Cecily Strong backed out of SNL antisemitism sketch after role as Elise Stefanik made her 'uncomfortable': report

Sources said Strong was "uncomfortable with the sketch."

Jarryd Jaeger Vancouver, BC

It has been revealed that former Saturday Night Live star Cecily Strong had originally been cast to play Rep. Elise Stefanik in the show's widely lambasted sketch about the recent congressional hearing wherein the presidents of the United States' top universities were grilled over their handling of antisemitism on campus.

After taking part in the dress rehearsal, Strong backed out at the last minute, and was replaced by newcomer Chloe Troast.

According to the New York Post, sources familiar with the matter said "there were a variety of reasons" Strong opted not to proceed, noting that, above all else, she was "uncomfortable with the sketch."

Her sentiments were shared by many viewers of the show, with the opening sketch garnering widespread criticism online over its portrayal of Stefanik as the villain.

"That skit last night was disgusting," one social media user commented on Troast's latest Instagram post, per the Post. "You tried to represent Elise Stefanik as the annoying/ bad guy. You should have more tact than that. The real hearing was an snl skit that wrote itself. idk how you made it about your hatred for republicans and showed how little you care about blatant antisemitism."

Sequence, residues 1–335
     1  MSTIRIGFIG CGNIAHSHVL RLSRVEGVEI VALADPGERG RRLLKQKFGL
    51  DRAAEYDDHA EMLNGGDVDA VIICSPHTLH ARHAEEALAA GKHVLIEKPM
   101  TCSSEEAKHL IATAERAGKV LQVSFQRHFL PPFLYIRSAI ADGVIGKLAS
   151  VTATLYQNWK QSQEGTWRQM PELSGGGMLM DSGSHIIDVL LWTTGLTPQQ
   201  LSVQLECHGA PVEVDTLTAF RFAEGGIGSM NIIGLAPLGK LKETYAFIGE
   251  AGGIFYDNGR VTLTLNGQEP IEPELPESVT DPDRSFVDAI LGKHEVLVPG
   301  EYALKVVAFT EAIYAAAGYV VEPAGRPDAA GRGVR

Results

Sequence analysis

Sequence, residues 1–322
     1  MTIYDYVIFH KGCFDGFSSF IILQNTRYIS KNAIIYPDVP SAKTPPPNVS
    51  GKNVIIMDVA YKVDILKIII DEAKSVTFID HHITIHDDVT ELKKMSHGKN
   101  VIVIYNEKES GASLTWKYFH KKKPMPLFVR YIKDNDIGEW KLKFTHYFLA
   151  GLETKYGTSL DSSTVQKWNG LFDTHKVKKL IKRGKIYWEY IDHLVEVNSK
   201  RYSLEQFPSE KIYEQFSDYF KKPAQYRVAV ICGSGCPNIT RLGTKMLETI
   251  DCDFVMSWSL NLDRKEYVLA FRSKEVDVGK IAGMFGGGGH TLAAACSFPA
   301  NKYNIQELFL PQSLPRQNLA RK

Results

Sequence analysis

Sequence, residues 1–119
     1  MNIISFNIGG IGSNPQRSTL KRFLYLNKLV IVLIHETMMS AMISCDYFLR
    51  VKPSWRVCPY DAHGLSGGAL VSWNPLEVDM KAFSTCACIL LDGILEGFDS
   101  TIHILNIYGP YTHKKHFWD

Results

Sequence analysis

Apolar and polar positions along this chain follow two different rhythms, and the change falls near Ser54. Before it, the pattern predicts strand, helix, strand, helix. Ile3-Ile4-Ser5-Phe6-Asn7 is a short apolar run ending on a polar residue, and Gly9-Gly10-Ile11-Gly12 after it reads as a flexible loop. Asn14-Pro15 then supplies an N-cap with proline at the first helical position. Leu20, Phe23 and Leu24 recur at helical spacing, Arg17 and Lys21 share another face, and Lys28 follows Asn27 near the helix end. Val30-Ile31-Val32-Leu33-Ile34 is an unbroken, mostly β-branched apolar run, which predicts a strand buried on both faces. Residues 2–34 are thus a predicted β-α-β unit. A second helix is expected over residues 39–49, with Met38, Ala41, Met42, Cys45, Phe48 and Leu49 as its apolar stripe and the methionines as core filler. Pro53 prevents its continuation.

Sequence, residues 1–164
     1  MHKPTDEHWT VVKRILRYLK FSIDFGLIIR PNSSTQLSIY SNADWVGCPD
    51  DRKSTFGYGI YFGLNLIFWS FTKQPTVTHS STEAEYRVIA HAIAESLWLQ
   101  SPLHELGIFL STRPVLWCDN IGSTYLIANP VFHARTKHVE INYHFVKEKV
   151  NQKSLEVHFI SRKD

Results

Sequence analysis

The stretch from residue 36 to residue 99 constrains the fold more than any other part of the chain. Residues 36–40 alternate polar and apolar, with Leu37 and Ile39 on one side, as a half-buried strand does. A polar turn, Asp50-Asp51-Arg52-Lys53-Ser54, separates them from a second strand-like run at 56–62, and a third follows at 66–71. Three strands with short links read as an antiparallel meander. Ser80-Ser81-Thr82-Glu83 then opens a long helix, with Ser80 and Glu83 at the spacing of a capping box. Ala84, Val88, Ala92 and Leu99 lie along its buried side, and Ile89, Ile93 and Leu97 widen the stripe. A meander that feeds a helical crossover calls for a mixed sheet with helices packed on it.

"How's it feel to make enemies of an entire nation under attack just to take down a strong woman defending Jewish lives but she has an R next to her name not a D - so she must be mocked..." another user wrote, slamming the entire SNL crew. "Seems like blatant misogyny and bigotry. Who wrote this sketch please tag the writers!"

The sketch opened with Troast saying she was going to "start screaming questions at [the university presidents] like I'm Billy Eichner," referring to the comedian who made a name for himself bumbling through New York City giving unsuspecting passersby pop quizzes for cash.

"Anisemitism, yea or nay?" she yelled. "Yes or no. Is calling for the genocide of Jews against the code of conduct for Harvard?"

The sketch went on to suggest that Stefanik was fine with calling out antisemitism but not islamophobia, with Troast adding, "hate speech has no place on college campuses. Hate speech belongs in Congress, on Elon Musk's Twitter, in private dinners with my donors, and in public speeches by my work husband, Donald Trump."

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